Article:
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Jack is a shy and awkward man who drives a limo and lives an unassuming life. His friend and co-worker, Clyde, and his wife Lucy, feel sorry for Jack and set him up on a blind date with Connie. Connie shares Jack's shyness and awkwardness, but through each other they seem to be able to find solace within themselves. Trouble might be brewing in paradise though, as Clyde and Lucy's marriage stumbles just as Jack and Connie's relationship grows. Written by
This always happens.
Whenever there's anything good, it fucks up.
It fucked up, but it fucked up because *we* forgot.
No, you fucked it up because you made a fucking toast!
Because I love you. We all love you. We forgot the food because you were being loved. That's the important thing to remember.
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Greetings again from the darkness. We all recognize the genius of Philip Seymour Hoffman the actor. This gives us one more example of his immense talent, but also puts his eye as a first time director on display. Not surprisingly, he comes through extremely well.
Based on the play by Bob Glaudini, three of the four main characters reprise their role from the stage production. Mr. Hoffman as Jack, John Ortiz as Clyde and Daphne Rubin-Vega as Clyde's wife, Lucy. The newcomer is the fantastic Amy Ryan ("The Office")as Connie. Jack and Clyde work together as limo drivers. Lucy and Connie work together for some odd funeral home specialist who markets some type of unexplained program.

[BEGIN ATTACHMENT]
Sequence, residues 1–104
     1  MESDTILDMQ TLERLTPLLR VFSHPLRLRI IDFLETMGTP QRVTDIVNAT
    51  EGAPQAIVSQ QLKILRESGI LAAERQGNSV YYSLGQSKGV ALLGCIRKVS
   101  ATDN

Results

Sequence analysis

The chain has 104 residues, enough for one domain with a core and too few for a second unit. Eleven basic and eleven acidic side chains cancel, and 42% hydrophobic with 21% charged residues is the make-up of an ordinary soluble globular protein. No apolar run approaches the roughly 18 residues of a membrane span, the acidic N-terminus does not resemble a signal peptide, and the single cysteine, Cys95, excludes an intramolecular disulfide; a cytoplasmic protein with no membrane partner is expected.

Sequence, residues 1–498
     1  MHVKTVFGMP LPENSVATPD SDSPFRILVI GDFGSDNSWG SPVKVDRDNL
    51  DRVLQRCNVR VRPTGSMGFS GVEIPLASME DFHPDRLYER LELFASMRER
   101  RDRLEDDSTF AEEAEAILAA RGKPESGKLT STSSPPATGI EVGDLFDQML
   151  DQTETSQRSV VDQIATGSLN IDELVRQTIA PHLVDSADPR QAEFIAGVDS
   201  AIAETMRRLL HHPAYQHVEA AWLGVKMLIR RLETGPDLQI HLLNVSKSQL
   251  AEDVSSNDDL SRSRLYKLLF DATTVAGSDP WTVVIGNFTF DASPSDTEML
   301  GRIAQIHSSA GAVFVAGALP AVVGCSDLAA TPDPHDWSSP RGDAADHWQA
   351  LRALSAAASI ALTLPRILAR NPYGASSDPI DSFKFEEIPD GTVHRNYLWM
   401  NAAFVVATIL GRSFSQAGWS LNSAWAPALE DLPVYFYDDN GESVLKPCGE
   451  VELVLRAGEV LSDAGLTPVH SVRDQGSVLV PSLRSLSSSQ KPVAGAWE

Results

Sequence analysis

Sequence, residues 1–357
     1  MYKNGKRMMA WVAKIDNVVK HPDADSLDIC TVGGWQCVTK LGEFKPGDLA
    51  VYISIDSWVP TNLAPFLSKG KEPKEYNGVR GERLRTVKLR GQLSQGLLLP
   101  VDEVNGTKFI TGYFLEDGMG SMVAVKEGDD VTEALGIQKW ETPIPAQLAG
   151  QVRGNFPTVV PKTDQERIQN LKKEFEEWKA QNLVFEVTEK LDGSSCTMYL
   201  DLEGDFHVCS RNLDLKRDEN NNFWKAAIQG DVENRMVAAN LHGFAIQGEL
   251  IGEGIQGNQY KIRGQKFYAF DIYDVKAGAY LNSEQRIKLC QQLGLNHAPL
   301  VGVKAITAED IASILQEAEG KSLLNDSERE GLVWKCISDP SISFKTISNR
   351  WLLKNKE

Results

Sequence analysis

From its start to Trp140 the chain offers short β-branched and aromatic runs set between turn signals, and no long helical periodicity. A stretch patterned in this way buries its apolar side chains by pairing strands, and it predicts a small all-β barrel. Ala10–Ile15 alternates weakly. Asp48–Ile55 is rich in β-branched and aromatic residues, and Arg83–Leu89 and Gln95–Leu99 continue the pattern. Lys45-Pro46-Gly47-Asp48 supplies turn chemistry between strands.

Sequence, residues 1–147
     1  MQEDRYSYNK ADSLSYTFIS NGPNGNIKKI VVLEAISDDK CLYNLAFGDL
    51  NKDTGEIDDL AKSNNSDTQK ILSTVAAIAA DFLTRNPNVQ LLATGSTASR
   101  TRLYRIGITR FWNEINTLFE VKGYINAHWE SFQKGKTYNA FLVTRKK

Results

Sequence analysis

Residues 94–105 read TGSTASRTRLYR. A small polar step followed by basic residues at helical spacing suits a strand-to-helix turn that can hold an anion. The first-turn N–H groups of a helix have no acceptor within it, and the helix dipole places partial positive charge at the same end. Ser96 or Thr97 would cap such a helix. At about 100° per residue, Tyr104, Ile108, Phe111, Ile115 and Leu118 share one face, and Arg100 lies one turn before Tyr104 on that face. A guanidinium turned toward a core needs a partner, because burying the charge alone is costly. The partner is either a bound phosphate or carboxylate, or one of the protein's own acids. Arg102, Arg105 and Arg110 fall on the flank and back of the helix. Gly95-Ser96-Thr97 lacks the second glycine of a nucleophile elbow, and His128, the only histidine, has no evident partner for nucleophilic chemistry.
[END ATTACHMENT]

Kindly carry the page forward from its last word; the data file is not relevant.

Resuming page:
All that really matters is that Clyde and Lucy arrange to have Connie and Jack meet. The apparent reason is that neither of them have any friends or social skills. What we then learn is that all four of these people are fractured. Scene after scene shows off the power of friendship and/or the faulty side of on-the-job relationship therapy borough about by cheating and secrets.
For the most part, the film has the feel of a stage production and moves very slowly as these type of people would. There are moments where individual weakness gives way to outbursts of emotions - and not all in a positive way. What is clear is that they each want the best for each other, but have no real feel for what's best for themselves.
I thought the film made some excellent points, but I was a bit disappointed in the hookah scene. That was the only scene that went too far and my guess is it worked better on stage. On the bright side, there are some tender, poignant moments and the acting is truly superb throughout the film. It is obvious that these four actors care very much for the story and these characters.
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